New Recipe: Everything you need to know and two recipes to enjoy before dawn and after sunset

Muslims across the world are celebrating the holy month of Ramadan which sees them fast from sunrise to sunset for 30 days.

The Islamic calendar is lunar, meaning that Ramadan falls from Monday April 12 to Wednesday May 12 this year.

Not eating or drink anything during daylight hours, Muslims will usually eat one meal – the “Suhoor” or “Sehri’ – just before dawn and the “Iftar” after sunset.

Usually family and friends would gather to share these meals together. However, due to the travel restrictions and other lockdown rules in place, this will be the second Ramadan Muslims have had to celebrate the occasion within their own households.

In Muslim culture, fasting has an important role in teaching patience, compassion and gratitude and is a reminder of those suffering from poverty and hunger. During this holy time, Muslims are encouraged to help the poor and those in need.

Arabic sweet mannik of Basbus cut into slices in a plate.

Dates are usually used to break the fast and one or three are usually consumed. A popular dish during Ramadan is the Chorba Frik, which is a traditional Algerian soup. It is prepared most days by Muslim families throughout Ramadan and is usually made with lamb or mutton. It is rich in flavour and boasts a wide range of fragrant ingredients in it, too.

Said to be from Turkish descent, there are various versions of the Algerian dish across the region of Algeria, and chicken or beef can be substituted in the recipe, depending on the region.

It is a great way not to get vital nutrients into the body, but to also replenish fluids as well.

Muslims are advised to eat slowly after fasting all day and soups and juices are a great way to allow the stomach time to process everything.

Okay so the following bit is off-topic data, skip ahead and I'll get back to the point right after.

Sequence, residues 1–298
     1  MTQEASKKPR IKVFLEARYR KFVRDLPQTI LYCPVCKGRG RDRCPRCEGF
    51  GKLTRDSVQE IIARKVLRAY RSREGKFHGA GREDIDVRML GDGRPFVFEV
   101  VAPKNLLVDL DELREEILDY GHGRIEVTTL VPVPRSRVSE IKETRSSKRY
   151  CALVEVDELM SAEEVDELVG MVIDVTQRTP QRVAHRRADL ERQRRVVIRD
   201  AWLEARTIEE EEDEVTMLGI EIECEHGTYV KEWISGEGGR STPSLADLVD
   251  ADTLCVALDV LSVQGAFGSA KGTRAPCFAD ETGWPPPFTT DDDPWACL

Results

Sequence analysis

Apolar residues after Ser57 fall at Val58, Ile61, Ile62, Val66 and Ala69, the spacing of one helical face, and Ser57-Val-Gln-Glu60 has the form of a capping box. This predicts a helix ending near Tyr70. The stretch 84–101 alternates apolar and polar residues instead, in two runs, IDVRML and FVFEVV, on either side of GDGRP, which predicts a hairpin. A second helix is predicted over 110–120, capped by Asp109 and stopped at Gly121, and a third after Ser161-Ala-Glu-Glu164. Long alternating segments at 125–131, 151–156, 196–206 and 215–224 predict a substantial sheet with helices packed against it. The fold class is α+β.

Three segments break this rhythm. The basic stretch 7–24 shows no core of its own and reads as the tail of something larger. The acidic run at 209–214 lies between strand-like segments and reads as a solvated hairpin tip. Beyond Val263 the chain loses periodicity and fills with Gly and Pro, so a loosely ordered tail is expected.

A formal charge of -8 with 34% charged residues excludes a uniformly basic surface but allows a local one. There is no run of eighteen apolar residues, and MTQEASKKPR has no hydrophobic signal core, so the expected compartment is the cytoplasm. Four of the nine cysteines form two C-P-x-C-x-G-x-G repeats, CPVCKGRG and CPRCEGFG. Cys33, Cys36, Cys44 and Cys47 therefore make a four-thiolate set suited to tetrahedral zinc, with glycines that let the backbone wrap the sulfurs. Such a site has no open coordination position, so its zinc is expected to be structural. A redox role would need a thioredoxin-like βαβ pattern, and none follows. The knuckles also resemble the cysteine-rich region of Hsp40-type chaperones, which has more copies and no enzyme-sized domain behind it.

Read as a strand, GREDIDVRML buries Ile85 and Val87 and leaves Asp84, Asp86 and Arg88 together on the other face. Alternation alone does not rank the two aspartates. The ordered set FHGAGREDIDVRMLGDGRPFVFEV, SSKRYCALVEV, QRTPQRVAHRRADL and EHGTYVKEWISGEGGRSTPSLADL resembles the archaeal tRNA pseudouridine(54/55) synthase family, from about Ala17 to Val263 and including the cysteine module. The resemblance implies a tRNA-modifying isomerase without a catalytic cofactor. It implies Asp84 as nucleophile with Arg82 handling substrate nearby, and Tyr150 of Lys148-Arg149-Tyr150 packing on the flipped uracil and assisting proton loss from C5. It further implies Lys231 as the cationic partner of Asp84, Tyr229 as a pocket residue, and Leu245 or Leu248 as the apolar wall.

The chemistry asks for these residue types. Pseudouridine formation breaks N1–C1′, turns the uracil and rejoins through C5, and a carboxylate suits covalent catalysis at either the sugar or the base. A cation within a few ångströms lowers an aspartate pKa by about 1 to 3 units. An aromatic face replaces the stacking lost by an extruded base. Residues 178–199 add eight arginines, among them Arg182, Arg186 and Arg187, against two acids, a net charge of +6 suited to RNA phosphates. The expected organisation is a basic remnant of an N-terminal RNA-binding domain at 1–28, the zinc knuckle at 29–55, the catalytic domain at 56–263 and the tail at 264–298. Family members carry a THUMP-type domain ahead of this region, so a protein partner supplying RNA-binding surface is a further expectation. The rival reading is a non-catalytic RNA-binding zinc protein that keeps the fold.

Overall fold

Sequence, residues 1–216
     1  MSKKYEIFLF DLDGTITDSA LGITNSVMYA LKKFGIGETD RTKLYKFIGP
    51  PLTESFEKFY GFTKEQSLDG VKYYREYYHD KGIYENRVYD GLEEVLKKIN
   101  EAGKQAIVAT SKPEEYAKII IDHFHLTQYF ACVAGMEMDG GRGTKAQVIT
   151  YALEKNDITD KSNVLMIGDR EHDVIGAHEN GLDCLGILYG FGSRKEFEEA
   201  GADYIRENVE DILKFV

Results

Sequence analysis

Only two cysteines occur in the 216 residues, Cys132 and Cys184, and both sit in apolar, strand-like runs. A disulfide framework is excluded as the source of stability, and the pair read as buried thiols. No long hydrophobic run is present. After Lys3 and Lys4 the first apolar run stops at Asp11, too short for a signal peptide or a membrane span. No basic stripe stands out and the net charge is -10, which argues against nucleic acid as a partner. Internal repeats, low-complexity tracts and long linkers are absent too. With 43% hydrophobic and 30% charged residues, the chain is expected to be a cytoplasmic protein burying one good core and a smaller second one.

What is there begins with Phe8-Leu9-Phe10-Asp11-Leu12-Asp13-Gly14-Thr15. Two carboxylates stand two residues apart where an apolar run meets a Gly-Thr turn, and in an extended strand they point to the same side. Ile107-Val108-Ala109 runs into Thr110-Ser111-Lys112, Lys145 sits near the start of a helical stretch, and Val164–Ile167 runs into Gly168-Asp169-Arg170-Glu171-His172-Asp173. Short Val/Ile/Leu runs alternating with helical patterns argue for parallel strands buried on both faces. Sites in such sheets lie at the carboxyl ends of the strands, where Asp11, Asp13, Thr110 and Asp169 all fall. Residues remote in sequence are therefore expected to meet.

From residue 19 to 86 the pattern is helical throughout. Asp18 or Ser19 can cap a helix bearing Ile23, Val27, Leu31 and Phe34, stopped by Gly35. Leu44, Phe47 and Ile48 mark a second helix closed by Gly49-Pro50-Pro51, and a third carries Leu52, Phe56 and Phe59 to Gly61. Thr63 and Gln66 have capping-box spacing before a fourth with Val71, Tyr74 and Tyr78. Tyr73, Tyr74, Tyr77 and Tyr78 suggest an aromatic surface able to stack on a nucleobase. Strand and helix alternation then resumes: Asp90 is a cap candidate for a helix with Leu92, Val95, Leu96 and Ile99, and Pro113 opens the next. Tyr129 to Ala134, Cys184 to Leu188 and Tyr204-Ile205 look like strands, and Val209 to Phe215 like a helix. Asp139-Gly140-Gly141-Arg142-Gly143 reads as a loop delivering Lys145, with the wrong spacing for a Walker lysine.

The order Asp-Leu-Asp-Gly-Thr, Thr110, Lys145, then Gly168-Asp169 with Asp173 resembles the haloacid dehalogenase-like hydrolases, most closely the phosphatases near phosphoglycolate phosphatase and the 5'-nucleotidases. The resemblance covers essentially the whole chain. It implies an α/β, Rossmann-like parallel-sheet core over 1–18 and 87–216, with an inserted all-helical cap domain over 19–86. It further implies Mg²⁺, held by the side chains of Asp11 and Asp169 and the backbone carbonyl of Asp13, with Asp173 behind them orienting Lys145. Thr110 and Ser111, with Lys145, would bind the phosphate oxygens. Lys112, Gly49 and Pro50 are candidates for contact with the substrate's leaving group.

© Shutterstock / Zurijeta
A Muslim family gathering to eat Iftar food during Ramadan.

A popular sweet treat is “Qalb El Louz” which translates to “heart of almond” in English. It is a very sweet dessert that is made from layers of semolina and ground almonds and is flavoured with orange blossom water.

It is soaked in a sugary syrup and is presented with an almond on top of each slice. It is traditionally served with a cup of mint tea.


Mariam Okhai, from Dundee, who writes on her blog The Behavioural Foodie, says Ramadan, while slightly hampered by coronavirus restrictions just now, is a time for community and an opportunity normally for families to get together.

“It’s a month of discipline, I would say. You are fasting for 29 or 30 days, generally 30 days. It started today and you fast from the twilight time, which is 3.40am in the morning right now in Dundee, and you will fast right up to 8.15pm. It is from twilight until sunset and after sunset you can eat,” she said.

“You should break your fast with a date and some water, then afterwards it’s how people feel about things. I generally try to eat a bit healthier.

“You eat once after sunset, Istaar, and there is another time to eat before twilight, Suhoor. Those are the two times when you would eat and between those times you pray – there is a prayer at sunset, the evening prayer and then there are more prayers at Taraweeh in the evening.

The Behavioural Foodie, Mariam Okhai.

“Because of Covid-19 right now it’s just within families, but normally a lot of Muslim families would get together, break fast together and eat together, so it’s quite a nice community time.

“It’s a time of the year when every single Muslim is doing the same thing. You feel like you are part of a very large community throughout the world all doing the same thing together, you all feel the same way.”


Mariam added that there are most likely health benefits and she feels better after a time that makes her feel more “spiritually connected”.

“I think it’s quite good for your health, too. There are a lot of studies on intermittent fasting and fasting two days a week. I would say it’s a 30-day body detox,” she said.

“I think it is also about the mental discipline as some people will give up watching TV or listening to music sometimes. They use it as a time to clear their minds I guess.

“I personally use it as a time to spiritually reconnect and touch base again, and use it as a time of reflection. I think a lot of people do use it as a time of reflection – realising and appreciating what you have.

It’s a time of the year when every single Muslim is doing the same thing. You feel like you are part of a very large community throughout the world all doing the same thing together, you all feel the same way.”

Miriam Okai.